This Phenomenon Called Love

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The Phenomenon Called Love
What is love? Love is a deep, tender, ineffable feeling of affection and solicitude toward a person, such as that arising from kinship, recognition of attractive qualities, or a sense of underlying oneness (Dictionary). But there are different types of love, and attitudes associated with it and commitment. Using William Shakespeare's, A Midsummer Night's Dream, this document will illustrate demonstrations with the intention of proving the aspects of love and how both genders react to it. In this piece the topics that will be covered are when two individuals fall in love, their style of loving, the prototypes of love and commitment, attitudes and behaviors associated with love, romantic love and adrenaline: the two component theory, and unrequited love.

Falling in love is the transition from not being in love to being in love (Devault, 134). There are slight gender differences when it comes to love. Although, research reveal more men than females claim they have never been in love (Hendrick as qtd. in Devault 134). One of the most important influences on falling in love is the individuals' style of loving. There are six styles of loving to verify the relationship: Eros, Ludus, Storge, Pragma, Mania, and Agape.

Eros is known as the love of beauty, such as individuals who are instantly attracted to the other and become emotionally involved quickly, then perish rapidly (Hendrick 131). Ludus is recognized as playful love; individuals that take love as a game. They contain more passion for the game rather than for their partner (Henrick 131). Storge is branded as companionate love, and consists of relationships that are based on a friendship that then progress to a higher levl of intimacy. The couples trust one another, but lack passion (Hendrick 131). Pragma is defined as realistic love, human beings that are rational and practical. They have their main assets that they want in a lover. They develop intense feelings once they choose their partner (Hendrick 132). Mania is identified as obsessive love however, the are individuals are very possessive with intense mental preoccupation but are hardly ever satisfied. Agape is known as altruistic love, human beings that are very generous and unselfish. They would rather sacrifice themselves than let their lovers suffer (Hendrick 132).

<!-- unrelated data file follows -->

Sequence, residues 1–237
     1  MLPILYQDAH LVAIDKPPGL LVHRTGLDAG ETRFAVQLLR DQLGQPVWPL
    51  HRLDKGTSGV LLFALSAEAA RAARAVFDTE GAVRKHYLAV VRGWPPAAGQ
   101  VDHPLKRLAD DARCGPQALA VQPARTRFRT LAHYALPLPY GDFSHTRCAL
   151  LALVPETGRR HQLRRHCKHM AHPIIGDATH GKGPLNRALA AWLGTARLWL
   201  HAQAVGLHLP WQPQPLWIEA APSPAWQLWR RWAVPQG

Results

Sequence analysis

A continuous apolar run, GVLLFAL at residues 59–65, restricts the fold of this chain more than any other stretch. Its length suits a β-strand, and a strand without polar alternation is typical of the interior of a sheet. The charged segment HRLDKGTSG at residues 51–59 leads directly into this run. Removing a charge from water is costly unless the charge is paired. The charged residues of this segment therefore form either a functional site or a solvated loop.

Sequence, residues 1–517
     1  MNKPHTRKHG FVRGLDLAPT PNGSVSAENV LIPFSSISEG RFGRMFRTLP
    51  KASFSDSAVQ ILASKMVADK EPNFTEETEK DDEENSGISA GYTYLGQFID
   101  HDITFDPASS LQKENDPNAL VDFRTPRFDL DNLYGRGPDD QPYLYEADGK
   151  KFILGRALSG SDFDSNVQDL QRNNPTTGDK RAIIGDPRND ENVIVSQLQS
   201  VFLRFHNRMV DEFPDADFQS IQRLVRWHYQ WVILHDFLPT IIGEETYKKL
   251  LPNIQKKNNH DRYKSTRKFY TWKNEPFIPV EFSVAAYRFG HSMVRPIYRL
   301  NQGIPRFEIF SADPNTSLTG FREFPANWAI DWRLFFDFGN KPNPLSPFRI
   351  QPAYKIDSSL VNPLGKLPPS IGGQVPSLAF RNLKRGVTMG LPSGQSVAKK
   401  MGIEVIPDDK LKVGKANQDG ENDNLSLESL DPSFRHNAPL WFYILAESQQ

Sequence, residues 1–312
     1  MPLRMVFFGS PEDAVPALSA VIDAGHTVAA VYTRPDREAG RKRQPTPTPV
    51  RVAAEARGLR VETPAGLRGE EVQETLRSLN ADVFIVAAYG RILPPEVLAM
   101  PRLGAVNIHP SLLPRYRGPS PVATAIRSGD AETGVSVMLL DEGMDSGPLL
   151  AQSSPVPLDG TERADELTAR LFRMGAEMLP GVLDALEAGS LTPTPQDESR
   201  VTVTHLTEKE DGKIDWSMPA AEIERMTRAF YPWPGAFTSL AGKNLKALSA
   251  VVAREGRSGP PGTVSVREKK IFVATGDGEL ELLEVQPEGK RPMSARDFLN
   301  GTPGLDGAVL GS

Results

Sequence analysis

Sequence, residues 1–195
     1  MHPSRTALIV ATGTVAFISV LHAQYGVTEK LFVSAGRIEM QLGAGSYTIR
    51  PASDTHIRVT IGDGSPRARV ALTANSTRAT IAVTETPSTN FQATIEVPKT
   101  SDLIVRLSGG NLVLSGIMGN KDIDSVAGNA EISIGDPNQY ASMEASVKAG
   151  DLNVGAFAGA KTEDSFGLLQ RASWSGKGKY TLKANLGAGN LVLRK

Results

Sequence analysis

Men and women are more likely fall in love when they have just parted from a serious relationship, are looking for excitement, crave an intimate bond, or have lowered self esteem says psychologist Dr. Rubin. If the individual reveals their feelings to the one they love whether it is through physical contact, eye contact, or verbally, it usually draws the person to feel the same towards the other. However, there are those few reward that by not being liked from the person they are drawn to. This is called unrequited love, the individuals become even more attracted to the person because they like the challenge of trying to receive those feelings in return (Devault 135). As an example, Shakespeare for a visual of the appealing. In A Midsummer Night's Dream, Helena, the best friend of Hermia, is frustrated and depressed because the man that she loves, and who once loved her, left her for the beauty of Hermia. Helena's self esteem lowers, and she begins to stalk her lover Demetrius: Demetrius: Do I entice you? Do I speak you fair?

Or rather do I not in plainest truth
Tell you I do not, nor cannot love you?
Helena: And even for that do I love you the more
I am your spaniel, and, Demtrius,
The more you beat me I will fawn on you.
Use me but at your spaniel: spurn me, strike me,
Neglect me, lose me; only give me leave
(Unworthy as I am) to follow you.
What worser place can I beg in your love
(And yet a place of high respect with me)
Than to be used as you use your dog? (Shakespeare 2.1. 199-210) Usually one gets the point when the one they love does not feel the same way about them. Helena obviously got the...
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